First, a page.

Lawmakers are always looking for a fig leaf when it comes to presiding over a massive public bailout of their friends on Wall Street. So, for example, when Treasury Secretary Geithner appeared on Capitol Hill last March to explain why AIG got one hundred cents on the dollar, which it promptly turned around and handed over to Goldman Sachs and its other Wall Street partners, Republican Congressman Spencer Bachus wanted to know, “Was there any discussion over a haircut – [the Wall Street Banks] taking 95% or 90% as full payment?”
Five or ten cents on the dollar – that’s what Congressman Bachus and his colleagues on Capitol Hill think is a sufficient penalty for having hopped into bed with AIG?
Reading about the exchange between Bachus and Geithner reminded me of what happened here in California during the so-called energy crisis of 2001, when the wholesale price of electricity, newly deregulated in California, rose exponentially over a few weeks, and the state’s three private utility companies went to California lawmakers to demand a public bailout.
Unable to pass through to consumers the higher electricity costs, the utilities, led by Southern California Edison, stopped paying the wholesale energy companies. So the Wall Street rating agencies and investment banks that were closely connected to the energy companies demanded that California taxpayers bail out the utilities by paying the obscene prices for electricity that, we later confirmed, were artificially manipulated by…Wall Street traders. When the legislature balked, the energy plants shut off the power. And then the state stepped in, paying exorbitant prices to keep the lights on.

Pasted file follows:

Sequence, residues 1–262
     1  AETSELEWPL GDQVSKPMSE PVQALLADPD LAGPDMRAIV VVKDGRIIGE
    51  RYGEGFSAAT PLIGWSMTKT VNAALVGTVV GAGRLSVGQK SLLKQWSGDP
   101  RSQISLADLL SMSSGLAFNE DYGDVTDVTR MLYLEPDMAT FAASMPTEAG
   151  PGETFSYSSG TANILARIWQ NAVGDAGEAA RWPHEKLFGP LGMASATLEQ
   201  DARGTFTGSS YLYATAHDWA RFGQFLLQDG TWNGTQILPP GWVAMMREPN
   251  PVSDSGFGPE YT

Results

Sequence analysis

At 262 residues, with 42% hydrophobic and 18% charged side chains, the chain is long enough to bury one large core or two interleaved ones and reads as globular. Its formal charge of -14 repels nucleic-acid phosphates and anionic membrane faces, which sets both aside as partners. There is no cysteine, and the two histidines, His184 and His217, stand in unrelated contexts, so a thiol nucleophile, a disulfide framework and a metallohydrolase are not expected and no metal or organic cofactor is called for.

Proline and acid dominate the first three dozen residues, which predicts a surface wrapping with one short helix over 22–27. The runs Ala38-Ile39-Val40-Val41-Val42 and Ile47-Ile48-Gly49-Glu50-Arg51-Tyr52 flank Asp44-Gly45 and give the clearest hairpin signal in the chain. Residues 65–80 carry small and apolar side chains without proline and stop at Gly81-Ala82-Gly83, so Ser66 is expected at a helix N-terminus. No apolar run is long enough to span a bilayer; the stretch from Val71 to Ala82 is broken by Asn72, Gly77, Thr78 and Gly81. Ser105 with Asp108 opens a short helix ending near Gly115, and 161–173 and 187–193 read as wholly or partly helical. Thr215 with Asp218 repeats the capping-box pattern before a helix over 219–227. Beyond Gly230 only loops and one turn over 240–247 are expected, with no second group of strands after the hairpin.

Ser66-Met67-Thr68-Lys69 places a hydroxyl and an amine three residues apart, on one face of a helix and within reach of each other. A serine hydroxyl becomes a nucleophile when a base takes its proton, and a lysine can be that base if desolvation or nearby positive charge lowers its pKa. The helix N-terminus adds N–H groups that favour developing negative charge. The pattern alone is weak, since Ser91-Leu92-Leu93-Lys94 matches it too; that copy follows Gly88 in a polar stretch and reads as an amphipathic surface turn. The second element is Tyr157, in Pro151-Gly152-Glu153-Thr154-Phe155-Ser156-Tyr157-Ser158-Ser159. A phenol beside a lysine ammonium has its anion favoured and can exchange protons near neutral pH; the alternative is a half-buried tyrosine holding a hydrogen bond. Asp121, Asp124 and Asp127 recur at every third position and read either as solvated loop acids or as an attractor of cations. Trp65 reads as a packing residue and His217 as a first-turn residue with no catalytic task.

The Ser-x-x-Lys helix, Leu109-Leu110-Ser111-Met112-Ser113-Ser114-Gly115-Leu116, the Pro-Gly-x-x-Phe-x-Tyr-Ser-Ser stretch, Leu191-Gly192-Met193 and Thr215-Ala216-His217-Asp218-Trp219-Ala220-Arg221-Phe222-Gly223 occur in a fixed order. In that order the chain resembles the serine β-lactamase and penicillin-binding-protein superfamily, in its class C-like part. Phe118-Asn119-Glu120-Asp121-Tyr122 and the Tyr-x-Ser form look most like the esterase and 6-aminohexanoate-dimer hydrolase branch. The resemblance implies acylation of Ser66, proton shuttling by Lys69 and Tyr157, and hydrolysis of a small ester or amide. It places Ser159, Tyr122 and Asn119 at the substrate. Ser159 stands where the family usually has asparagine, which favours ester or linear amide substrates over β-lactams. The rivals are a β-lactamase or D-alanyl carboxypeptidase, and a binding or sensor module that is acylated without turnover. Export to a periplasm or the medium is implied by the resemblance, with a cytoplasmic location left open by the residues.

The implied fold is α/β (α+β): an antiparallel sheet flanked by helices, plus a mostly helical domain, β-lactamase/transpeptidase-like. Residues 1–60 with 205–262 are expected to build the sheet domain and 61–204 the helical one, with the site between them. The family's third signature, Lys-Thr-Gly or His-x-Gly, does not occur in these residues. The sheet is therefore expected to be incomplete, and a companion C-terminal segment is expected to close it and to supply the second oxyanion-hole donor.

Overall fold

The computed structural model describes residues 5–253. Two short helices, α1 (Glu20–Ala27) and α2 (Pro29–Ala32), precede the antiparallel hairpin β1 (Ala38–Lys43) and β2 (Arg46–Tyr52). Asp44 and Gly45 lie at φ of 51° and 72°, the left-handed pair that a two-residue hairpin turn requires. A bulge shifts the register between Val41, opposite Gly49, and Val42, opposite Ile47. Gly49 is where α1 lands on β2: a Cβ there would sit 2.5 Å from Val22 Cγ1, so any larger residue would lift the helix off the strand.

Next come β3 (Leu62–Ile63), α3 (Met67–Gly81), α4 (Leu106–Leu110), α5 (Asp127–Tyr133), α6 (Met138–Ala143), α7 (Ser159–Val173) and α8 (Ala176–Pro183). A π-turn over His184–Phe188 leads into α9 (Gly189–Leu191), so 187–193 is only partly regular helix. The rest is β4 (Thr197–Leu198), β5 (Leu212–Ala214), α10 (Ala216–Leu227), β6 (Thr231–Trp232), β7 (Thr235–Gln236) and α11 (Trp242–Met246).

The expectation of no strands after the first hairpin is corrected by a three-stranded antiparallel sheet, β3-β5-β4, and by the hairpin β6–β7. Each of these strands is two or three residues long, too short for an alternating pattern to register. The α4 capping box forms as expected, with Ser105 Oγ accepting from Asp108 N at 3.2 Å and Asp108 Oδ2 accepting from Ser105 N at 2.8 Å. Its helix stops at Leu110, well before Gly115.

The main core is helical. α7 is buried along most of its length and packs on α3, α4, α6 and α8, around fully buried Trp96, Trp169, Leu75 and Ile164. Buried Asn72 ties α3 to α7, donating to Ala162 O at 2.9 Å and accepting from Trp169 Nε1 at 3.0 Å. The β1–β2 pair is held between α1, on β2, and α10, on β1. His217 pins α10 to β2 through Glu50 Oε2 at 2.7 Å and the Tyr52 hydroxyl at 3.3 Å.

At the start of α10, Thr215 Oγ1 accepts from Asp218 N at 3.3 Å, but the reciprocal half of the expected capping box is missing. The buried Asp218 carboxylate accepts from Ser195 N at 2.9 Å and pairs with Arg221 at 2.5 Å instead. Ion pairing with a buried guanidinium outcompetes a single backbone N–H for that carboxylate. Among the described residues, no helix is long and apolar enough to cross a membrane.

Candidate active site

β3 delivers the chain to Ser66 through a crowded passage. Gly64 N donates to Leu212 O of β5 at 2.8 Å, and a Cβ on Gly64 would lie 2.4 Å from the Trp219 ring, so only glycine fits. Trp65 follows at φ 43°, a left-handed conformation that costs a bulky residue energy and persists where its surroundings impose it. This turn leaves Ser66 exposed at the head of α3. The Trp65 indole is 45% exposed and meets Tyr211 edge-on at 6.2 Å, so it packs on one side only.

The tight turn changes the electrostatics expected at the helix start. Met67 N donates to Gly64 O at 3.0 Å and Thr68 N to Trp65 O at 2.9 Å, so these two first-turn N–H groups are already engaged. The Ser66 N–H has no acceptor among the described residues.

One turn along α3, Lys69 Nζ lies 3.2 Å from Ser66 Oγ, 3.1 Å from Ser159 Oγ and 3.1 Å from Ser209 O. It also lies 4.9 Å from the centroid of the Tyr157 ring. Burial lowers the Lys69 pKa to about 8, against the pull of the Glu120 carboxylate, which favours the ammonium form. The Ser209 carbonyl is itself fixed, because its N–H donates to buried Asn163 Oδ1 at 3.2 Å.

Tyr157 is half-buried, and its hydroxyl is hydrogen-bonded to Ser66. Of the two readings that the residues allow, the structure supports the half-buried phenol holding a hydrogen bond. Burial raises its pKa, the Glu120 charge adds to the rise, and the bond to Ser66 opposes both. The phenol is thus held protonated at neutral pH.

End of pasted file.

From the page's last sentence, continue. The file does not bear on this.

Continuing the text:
Lawmakers, trying to look tough for the voters, demanded that the wholesale energy companies “take a haircut” – agree to cut how much they were owed for their vastly inflated electricity. But actually, it turned out that the firms were only willing to cut a few hairs.
Meanwhile, the President of the California Senate, John Burton, kept asking what was in it for the taxpayers. He wanted what he called “a hot dog” in exchange for the bailout – require the utility companies to give taxpayers the option to buy the electricity transmission lines – which would lower future rates substantially – in return for a bailout.
The utilities refused, and Burton blocked the Edison bailout.
California’s “energy crisis” was a foreshock of the financial catastrophe that our country is in today. Wall Street prospered through speculation that led to outrageous electricity prices, and prospered again when California had to float billions of dollars of bonds to pay off the state’s debt to the energy traders. California’s economy never really recovered from the fiscal impact of that debacle, and today, suffering from seemingly intractable financial problems, California has been described as the nation’s first “failed state.” The parallels to the present crisis are ominous.